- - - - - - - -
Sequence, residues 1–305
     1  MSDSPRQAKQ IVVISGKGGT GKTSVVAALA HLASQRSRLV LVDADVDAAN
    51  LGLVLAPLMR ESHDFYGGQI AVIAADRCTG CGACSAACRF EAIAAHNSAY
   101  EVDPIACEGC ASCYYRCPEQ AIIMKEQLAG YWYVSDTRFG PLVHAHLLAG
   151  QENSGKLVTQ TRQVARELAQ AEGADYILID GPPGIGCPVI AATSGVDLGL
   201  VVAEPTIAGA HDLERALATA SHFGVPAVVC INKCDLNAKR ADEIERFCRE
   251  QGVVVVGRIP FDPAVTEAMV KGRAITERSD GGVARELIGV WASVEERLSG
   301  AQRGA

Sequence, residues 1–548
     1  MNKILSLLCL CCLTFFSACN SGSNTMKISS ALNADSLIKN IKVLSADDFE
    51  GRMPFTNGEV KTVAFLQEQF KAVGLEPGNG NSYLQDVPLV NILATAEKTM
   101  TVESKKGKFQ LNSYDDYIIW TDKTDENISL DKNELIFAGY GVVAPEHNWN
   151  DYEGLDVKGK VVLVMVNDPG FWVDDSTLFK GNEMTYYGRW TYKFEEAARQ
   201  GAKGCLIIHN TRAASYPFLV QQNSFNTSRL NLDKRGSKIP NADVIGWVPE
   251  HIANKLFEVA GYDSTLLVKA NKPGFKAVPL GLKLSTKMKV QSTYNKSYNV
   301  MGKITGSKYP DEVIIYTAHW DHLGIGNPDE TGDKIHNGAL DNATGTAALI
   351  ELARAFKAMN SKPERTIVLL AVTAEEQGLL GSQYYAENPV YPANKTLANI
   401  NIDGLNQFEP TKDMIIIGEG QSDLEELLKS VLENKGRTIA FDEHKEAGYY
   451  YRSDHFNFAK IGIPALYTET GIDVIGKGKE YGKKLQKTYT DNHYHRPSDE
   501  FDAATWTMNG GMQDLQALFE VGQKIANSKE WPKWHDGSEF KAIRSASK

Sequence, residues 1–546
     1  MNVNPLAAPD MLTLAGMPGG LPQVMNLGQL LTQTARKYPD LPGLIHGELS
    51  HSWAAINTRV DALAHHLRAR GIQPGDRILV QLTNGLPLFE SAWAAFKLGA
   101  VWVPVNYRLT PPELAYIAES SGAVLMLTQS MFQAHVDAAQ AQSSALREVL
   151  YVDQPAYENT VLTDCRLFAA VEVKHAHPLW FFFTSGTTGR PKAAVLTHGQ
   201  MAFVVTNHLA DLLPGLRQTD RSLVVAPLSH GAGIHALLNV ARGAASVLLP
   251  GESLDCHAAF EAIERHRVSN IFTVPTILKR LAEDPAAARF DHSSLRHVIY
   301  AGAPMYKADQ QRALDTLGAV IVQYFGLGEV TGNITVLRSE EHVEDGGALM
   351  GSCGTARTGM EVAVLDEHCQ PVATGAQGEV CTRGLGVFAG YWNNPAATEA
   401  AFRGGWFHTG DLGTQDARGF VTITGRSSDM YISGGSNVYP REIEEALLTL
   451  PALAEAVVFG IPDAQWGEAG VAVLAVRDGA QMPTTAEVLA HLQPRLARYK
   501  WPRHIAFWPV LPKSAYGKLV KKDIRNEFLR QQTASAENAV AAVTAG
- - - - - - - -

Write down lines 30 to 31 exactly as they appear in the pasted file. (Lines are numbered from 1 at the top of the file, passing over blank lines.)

   401  AFRGGWFHTG DLGTQDARGF VTITGRSSDM YISGGSNVYP REIEEALLTL
   451  PALAEAVVFG IPDAQWGEAG VAVLAVRDGA QMPTTAEVLA HLQPRLARYK